Logging on: How St. Joseph’s is Managing Distance Learning

You live and you learn — that’s how the saying goes. But what happens when you’re actually expected to live and learn in the same square footage every day? What sort of challenges does that present?

For St. Joseph’s Indian School, which has always been blessed to keep homes and school separate, it presented quite a few challenges. But, we’ve found ways of turning living rooms into classrooms with the help of generous donors and careful planning from staff members.

Last spring and summer when it became apparent a distance learning plan would be necessary for the 2020-21 school year to help combat COVID-19, staff at St. Joseph’s worked together to devise a solution which took a lot of time, energy and … Chromebooks (laptop computers).

But, not just Chromebooks. There were so many other components needed for students to have the ability to go to school from their campus homes during a quarantine situation, or from their homes on the reservation.

Along with Chromebooks for students grades 2-8, St. Joseph’s needed to purchase:

  • Google Management consoles
  • Google enrollment asset tags
  • Carrying cases
  • Home MiFi (internet hotspot devices) and the data packages
  • Webcams for teachers
  • 3-year warranties for the devices

Technology isn’t cheap. That was one hurdle that was graciously helped by our generous donors, including one family in particular — the Steele and Debby Alphin.

“Debby and I have grandchildren who are learning on-line, and while it’s not the same experience as being in the classroom, it allows them to connect with their teachers and continue to learn,” said Steele. “It’s our hope that the students at St. Joseph’s can continue to further their education in this time of COVID-19.”

Another hurdle to overcome was primarily for teachers, who would need to shift their lesson plans online.

“There’s been a learning curve for all teachers,” said Sharmel, St. Joseph’s principal. “There are the challenges of balancing face-to-face teaching with Google Classroom and Google Meet for online assignments, the extra preparation of uploading their work, grading and communicating online … but they are all rising to the challenge.”

We’re rising because approximately 200 Native American children are counting on us, and we can’t let them down. Yes, this year has brought forth things to overcome. But, as more challenges arise, as we can suspect they will, St. Joseph’s will continue looking for silver linings.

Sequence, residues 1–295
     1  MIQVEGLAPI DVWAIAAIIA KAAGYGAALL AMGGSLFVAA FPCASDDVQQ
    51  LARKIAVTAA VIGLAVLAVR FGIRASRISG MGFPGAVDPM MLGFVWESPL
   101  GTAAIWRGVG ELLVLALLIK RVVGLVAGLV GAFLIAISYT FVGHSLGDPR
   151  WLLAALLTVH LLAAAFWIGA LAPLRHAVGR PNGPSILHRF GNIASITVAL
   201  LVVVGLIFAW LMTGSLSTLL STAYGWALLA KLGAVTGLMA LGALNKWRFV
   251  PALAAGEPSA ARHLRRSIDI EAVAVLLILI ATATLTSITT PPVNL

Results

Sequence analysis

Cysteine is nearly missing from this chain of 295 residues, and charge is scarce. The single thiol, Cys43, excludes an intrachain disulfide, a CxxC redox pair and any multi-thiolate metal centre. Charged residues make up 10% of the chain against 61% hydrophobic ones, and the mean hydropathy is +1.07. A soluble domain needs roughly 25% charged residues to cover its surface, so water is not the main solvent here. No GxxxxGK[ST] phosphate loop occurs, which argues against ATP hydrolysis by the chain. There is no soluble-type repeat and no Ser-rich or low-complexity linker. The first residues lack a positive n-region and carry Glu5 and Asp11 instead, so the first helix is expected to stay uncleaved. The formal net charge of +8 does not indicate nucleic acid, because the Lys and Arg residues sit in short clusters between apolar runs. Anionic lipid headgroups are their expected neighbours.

“We work daily on finding silver linings,” said Sharmel. “This year has also increased our growth and confidence in technology. It’s increased the awareness of how precious in-person teaching is. It’s forced us to look at things differently and become creative.”

Good things are still here … and we are choosing to focus on that. We will overcome these challenges.

“Therefore … let us run with perseverance the race that is set before us, looking to Jesus the pioneer and perfecter of our faith, who for the joy that was set before him endured the cross …” — Hebrews 12:1-2

Philámayayethank you — to the Alphins and other generous donors who make distance learning possible.

Author: St. Joseph's Indian School

At St. Joseph's Indian School, our privately-funded programs for Lakota (Sioux) children in need have evolved over 90 years of family partnership, experience and education. Because of generous friends who share tax-deductible donations, Native American youth receive a safe, stable home life; individual counseling and guidance; carefully planned curriculum based on Lakota culture and individual student needs and tools to help build confidence, boost self-esteem and improve cultural awareness. All of this helps children to live a bright, productive, possibility-filled future.

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